Sean Anthony Sullivan - 'Shooting On A Blue Moon'

Independent Spotlight is a continuing series on Stewart’s blog. The series revolves around independent artists and bands sending their music to Brett to review. No band is promised a positive review, and all music is reviewed honestly in an effort to better independent music.

In this evening’s edition of the Independent Spotlight, we delve deep into the music of Sean Anthony Sullivan, a rising rocker hailing from Bend, Oregon. His new effort, ‘Shouting On A Blue Moon,’ is an ambitious one, clocking in at forty-five minutes and eleven tracks. He cites an incredible range of classic rock as inspiration. From the Beatles, Chicago, and Eric Clapton, to Rod Stewart, Stevie Wonder, and Otis Redding, he’s got an impressive musical palette that immediately piqued my interest. Let’s dive straight into it.

Sullivan’s effort opens up with ‘Can’t Put Out Love,’ a straight-up rock and roller. He’s mentioned previously that he’s a tech junkie, one that takes great pride in his productions. Immediately, a high production quality is evident. The mix is properly mastered and no instrument feels overpowering or out of place. More so, Sullivan’s lead vocals are well-fit for this style of music. With that said, the album truly gets into a groove on the second track, ‘Time In A Bottle.’

No, this second track isn’t a Jim Croce cover, though that may have been interesting. No, ‘Time In A Bottle’ is an original tune, one that employs Sullivan’s crooning a very Rod Stewart-esque manner. In particular, I dig his tight backing group. The eclectic, yet classic mix of the thick percussion matching the mixture of acoustic and electric guitar is perfect for this sound. Lyrically, the song is on point as well.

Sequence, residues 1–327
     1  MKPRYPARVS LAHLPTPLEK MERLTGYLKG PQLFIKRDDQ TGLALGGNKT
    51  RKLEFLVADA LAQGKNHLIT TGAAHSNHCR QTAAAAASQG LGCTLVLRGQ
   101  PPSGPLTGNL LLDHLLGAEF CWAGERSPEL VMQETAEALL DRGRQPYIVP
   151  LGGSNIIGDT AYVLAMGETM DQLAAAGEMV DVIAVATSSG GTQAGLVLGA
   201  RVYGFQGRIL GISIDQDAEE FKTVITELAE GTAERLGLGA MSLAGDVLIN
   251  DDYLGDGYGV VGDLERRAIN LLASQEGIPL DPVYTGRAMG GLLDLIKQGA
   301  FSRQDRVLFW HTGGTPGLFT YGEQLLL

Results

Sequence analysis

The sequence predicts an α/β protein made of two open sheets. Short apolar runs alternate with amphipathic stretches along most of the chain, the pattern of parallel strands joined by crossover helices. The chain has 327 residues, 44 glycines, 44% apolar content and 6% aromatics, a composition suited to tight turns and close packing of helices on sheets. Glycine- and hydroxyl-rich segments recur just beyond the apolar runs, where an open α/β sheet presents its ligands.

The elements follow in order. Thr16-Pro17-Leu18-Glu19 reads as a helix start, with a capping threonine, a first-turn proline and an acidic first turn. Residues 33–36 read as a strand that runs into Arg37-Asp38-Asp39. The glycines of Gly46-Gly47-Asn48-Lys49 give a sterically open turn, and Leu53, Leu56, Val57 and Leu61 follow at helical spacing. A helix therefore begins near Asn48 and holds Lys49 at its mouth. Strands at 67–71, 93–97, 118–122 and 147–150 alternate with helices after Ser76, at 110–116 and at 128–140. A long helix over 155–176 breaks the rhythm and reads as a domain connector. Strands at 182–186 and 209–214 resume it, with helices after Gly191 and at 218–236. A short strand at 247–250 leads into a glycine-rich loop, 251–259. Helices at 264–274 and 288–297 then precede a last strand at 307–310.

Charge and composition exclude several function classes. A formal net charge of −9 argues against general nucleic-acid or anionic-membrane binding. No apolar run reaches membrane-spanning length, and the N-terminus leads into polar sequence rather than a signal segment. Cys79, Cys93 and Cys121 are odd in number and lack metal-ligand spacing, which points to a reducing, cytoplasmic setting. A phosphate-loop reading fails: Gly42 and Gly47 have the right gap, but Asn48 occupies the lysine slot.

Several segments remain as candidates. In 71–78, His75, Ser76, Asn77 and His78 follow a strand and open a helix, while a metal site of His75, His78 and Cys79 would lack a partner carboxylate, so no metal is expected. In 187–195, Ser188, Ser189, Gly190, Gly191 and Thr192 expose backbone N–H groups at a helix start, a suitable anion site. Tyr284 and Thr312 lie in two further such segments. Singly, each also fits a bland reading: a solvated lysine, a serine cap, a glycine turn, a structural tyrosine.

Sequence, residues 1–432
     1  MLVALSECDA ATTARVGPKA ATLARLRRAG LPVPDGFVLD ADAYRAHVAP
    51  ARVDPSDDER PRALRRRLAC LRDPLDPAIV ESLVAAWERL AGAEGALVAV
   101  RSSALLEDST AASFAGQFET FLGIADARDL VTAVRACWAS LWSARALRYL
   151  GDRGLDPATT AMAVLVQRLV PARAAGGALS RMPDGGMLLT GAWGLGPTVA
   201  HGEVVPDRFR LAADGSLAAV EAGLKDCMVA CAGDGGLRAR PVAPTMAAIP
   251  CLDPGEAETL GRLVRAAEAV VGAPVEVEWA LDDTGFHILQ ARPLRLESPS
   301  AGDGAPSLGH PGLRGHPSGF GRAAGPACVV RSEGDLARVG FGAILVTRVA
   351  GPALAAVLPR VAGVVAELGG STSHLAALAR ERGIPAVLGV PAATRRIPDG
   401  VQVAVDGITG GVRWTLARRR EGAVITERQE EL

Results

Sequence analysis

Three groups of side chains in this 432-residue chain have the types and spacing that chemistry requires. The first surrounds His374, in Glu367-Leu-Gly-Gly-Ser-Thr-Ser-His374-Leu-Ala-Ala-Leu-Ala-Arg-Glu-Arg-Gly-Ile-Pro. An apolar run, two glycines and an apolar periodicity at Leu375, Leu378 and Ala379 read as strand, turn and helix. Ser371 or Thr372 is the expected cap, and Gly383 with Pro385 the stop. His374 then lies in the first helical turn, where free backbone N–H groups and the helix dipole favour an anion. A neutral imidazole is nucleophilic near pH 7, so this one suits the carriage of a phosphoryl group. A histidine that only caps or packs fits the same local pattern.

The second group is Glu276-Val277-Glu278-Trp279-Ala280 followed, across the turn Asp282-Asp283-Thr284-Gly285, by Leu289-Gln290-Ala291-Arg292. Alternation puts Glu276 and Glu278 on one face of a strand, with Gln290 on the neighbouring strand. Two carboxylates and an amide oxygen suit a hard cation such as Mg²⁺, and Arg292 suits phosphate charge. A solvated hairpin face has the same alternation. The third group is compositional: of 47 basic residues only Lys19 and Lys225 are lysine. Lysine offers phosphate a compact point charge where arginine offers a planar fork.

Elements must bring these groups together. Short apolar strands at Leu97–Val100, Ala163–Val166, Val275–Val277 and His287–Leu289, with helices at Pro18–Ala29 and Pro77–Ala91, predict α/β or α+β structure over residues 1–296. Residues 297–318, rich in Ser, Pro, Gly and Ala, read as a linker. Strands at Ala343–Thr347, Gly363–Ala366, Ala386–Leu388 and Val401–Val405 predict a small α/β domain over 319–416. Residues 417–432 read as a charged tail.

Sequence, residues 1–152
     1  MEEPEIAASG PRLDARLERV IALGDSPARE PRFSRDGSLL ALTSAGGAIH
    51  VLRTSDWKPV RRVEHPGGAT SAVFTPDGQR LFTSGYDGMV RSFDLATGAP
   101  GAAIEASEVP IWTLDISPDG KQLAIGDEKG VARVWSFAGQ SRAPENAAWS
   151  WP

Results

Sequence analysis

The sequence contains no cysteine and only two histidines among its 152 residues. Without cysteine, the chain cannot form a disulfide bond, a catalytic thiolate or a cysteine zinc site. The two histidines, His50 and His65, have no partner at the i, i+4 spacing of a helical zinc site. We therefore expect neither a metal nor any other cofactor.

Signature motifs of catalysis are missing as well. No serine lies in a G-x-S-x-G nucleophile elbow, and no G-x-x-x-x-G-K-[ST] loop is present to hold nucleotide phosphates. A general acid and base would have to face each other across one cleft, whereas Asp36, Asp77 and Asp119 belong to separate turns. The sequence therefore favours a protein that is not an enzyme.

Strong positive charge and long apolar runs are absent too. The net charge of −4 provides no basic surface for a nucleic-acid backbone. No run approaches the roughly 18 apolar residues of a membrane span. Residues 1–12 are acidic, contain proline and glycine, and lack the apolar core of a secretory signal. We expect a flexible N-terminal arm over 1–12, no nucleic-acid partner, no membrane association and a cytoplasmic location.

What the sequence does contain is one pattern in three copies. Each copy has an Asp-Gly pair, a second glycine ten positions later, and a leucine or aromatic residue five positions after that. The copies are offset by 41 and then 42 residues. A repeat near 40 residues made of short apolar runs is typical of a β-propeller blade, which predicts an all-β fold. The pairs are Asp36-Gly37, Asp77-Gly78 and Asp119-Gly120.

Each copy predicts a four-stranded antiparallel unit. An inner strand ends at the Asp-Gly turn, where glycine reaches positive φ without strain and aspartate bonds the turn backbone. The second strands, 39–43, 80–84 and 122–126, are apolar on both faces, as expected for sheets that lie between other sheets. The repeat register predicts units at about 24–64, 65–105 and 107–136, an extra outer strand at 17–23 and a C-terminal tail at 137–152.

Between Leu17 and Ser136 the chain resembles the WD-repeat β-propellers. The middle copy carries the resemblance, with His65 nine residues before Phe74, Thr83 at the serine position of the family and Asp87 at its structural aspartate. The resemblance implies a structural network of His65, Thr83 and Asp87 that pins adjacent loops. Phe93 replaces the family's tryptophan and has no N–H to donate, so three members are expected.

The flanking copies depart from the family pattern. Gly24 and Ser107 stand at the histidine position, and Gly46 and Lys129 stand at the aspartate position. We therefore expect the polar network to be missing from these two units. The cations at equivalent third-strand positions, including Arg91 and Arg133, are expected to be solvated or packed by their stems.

‘Kick Into Overdrive’ is an interesting rocker, but it may not fulfill its goal like its two predecessors. This was the first track where I noticed some vocal quips. Essentially, Sullivan tends to fall flat on some notes, especially when singing a bit low. Often, an impassioned rock musician falling out of key every so often can be endearing, even beneficial to their sound. (I’m looking at you, Mr. Dylan.) That doesn’t necessarily work in Sullivan’s favor, and I found myself avoiding tracks where it was noticeable. Fortunately, the blunder is recovered nicely with ‘She Renews My Everyday,’ a classy love ditty very much worth checking out.

‘Light A Torch’ is an intriguing number for two reasons. One, it's infectious, amazing chorus. Two, its utilization of some compelling guitar riffing in the composition. That riffing and electric noodling extends in full to ‘Cellar,’ perhaps one of my favorite tracks on the album. Goodness, the composition of that song is fantastic. Vocally, the delivery is a tad inundated by aforementioned issues, but for the most part, it marks the middle of the album with elegant gusto.

‘Misery’ is also an excellent track, one that may accent Sullivan’s vocals the best of the bunch. This song sounds like something off a John Cougar Mellencamp record, a sound there is certainly plenty of nostalgia for. The reserved nature of ‘Only Human’ is equally complimentary to Sullivan’s sound.

Incoming: some of the most badass instrumentation of ‘Shooting On A Blue Moon.’ That organ intro to ‘Mr. Undercover'? Simply superb. In fact, the entire sonic landscape of this sound is a massive success. ‘Can You Help Us Mister’ showcases Sullivan’s ability to harness the power of an acoustic backdrop. Now, it’s one of his best tunes. The problem, however, is that damn tambourine. It’s far too loud in the mix, so much to the point that I can’t enjoy the song because of it.

Fortunately, ‘Breaking Down And Giving In,’ the finale of the collection, can give you a fix of Sullivan acoustic without that irritating tambourine. It closes out the album nicely, and has one of the better guitar solos, too. Thus, we find ourselves at the end of this eleven track expedition. How does the album stack up against the rest of the indie community?

‘Shooting On A Blue Moon’ has plenty of positive elements to it, especially instrumentally. As far as debut records go, it’s an admirable one worth checking out if you’re into classic rock. There isn’t anything particularly progressive here, and you’ve heard it all before, but that isn’t a bad thing. My only quip throughout was Sullivan’s lead vocals, which are pretty hit or miss, hence why this effort may have been a stronger five or six song EP rather than a full-blown album. It is worth your time, though, and certainly makes a benchmark for Sullivan’s future efforts to be compared to.

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